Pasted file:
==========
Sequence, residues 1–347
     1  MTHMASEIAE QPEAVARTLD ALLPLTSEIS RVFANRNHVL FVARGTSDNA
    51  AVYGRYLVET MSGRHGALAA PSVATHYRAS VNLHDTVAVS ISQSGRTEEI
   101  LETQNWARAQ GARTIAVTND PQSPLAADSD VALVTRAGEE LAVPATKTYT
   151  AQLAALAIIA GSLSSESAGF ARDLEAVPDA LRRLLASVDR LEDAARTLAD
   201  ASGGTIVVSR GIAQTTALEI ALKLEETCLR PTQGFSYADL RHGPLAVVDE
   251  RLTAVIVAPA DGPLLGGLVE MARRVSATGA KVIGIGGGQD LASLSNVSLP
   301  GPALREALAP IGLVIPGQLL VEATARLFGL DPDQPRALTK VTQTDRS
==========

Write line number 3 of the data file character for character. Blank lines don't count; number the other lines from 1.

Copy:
    51  AVYGRYLVET MSGRHGALAA PSVATHYRAS VNLHDTVAVS ISQSGRTEEI